By Orville Williams
As much of the world anxiously awaits more information on the new Omicron Covid-19 variant, the Antigua and Barbuda government is taking steps to protect the local population from potential imported infections.
The Omicron variant was detected by scientists in South Africa last week and the World Health Organization (WHO) has already designated it a variant of concern, due to concerns about its transmissibility, its virulence and the possibility of immune evasion.
Since then, confirmed cases of the variant have been reported in at least 24 countries and many have moved to restrict travel from South Africa and some other affected nations.
Antigua and Barbuda is one of those countries to implement such restrictions, with travel from Botswana, Belgium, Hong Kong and South Africa to the twin island nation currently forbidden.
When announcing the travel restrictions last weekend, Health Minister Sir Molwyn Joseph also noted that government would keep a keen eye on the developments in the US and the UK – Antigua and Barbuda’s biggest tourism source markets – with the fact that Omicron is already in the UK a reason for concern.
The first case involving the new variant was confirmed in the US state of California on Wednesday.
Following the travel restrictions, perhaps the government’s second most significant response to the uncertainty surrounding Omicron is the reversion to requiring strictly PCR tests from fully vaccinated incoming travellers. From December 8, only PCR tests no more than three days old can be used for entry into Antigua and Barbuda.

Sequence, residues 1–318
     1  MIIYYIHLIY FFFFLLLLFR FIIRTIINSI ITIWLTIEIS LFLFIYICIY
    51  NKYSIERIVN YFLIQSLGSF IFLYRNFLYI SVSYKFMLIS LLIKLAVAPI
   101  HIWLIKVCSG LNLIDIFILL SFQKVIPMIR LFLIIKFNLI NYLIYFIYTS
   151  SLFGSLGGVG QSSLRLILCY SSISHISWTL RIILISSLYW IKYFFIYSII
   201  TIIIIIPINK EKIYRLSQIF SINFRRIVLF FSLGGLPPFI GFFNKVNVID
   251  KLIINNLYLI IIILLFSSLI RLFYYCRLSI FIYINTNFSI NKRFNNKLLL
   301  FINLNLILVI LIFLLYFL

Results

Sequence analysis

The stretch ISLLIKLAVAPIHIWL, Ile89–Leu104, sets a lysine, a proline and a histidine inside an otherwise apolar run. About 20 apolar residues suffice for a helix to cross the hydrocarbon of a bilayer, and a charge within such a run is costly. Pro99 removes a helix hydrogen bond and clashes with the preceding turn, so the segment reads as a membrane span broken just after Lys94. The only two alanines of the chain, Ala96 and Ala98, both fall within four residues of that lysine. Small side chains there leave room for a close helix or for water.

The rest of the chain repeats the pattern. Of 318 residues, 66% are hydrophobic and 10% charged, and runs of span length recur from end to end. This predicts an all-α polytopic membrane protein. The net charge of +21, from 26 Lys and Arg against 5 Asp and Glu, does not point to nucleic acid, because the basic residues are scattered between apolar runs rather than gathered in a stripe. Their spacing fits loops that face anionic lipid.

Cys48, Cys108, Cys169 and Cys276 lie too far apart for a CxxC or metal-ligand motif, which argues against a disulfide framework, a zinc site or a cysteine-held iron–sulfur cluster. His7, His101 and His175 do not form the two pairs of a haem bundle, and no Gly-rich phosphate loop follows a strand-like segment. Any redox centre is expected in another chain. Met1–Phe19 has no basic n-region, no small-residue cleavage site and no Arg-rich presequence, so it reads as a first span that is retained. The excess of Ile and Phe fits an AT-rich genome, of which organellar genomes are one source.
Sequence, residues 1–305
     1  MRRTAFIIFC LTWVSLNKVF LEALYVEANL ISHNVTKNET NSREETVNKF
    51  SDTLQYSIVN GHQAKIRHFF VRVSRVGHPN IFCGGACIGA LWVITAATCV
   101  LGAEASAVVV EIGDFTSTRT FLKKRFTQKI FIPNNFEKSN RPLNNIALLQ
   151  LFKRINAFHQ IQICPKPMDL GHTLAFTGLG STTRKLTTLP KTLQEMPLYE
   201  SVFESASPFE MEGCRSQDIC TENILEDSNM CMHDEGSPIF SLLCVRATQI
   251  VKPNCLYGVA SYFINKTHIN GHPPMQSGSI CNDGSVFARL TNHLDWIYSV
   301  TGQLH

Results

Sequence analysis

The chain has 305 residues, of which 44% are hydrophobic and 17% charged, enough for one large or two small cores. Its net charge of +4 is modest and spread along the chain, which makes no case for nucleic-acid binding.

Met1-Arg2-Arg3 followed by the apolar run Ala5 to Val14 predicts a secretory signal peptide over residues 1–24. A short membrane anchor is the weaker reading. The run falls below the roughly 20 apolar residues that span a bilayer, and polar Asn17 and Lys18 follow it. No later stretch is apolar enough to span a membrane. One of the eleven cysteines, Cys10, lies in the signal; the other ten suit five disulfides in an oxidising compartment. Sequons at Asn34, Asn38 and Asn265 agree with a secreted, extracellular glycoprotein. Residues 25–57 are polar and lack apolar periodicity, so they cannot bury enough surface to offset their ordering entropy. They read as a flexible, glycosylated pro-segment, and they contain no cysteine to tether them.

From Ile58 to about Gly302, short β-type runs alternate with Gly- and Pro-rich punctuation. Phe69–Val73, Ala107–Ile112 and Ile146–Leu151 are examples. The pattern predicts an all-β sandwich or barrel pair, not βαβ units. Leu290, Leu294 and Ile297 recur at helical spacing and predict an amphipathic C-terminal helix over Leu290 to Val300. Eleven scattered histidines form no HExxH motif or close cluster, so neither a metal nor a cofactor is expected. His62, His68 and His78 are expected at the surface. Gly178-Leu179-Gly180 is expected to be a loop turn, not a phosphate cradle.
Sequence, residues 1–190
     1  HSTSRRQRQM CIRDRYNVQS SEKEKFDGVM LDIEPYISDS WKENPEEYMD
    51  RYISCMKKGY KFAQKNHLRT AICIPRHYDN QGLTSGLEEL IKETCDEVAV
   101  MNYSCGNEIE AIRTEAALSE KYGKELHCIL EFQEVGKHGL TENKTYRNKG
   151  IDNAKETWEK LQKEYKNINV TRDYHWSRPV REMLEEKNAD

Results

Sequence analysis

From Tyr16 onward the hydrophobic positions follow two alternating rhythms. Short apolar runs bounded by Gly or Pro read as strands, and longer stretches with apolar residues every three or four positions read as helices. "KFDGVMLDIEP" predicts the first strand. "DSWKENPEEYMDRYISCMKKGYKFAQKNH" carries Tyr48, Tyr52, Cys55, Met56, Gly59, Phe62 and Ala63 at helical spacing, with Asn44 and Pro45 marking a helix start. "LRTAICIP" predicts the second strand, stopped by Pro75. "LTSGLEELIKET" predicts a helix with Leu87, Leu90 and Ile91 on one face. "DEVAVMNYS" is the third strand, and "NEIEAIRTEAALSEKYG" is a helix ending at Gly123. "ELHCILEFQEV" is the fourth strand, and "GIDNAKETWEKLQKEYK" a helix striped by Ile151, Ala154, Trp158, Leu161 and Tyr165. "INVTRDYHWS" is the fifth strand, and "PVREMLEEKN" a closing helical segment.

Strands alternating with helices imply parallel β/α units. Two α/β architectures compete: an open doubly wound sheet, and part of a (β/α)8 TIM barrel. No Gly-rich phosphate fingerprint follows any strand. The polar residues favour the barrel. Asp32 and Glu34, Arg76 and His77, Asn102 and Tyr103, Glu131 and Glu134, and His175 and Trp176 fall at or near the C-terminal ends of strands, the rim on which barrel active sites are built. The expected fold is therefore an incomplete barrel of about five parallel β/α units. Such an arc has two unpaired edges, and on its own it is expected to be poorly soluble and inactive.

The travel requirements were relaxed last month, to allow travellers the cheaper option of a rapid antigen test for entry, but Information Minister Melford Nicholas told yesterday’s post-Cabinet media briefing that the threat of Omicron meant that regime had to be adjusted.
“This is an extra measure that we have put in place to ensure that we have the utmost confidence in the level of security that is prior to someone making the determination to come to Antigua.
“There is a higher level of confidence that is associated with a PCR test over and above any of the available antigen tests,” he explained.
Persons travelling to Antigua are not the only ones who could be affected by the government’s actions, as the lifting of the ongoing state of emergency (SOE) – that allows for the restriction of movement via the nightly curfew – may be delayed, due to the threat posed by Omicron.
The government had previously announced that the SOE could be lifted earlier than the scheduled December 27, with December 23 stated as the new date.
The final decision will be made on December 15, when the Parliament convenes, but Nicholas warned that even if it is lifted, it could be reimposed at a later time if the threat of Omicron increases to an unwanted level.
The minister also spoke on the country’s testing capacity, acknowledging that it may not be prepared to accommodate the Omicron variant.
He, however, reaffirmed the government’s confidence in the Caribbean Public Health Agency (CARPHA) to support testing for the variant where required, despite the likely pressure that would befall the agency if the variant were to invade the region.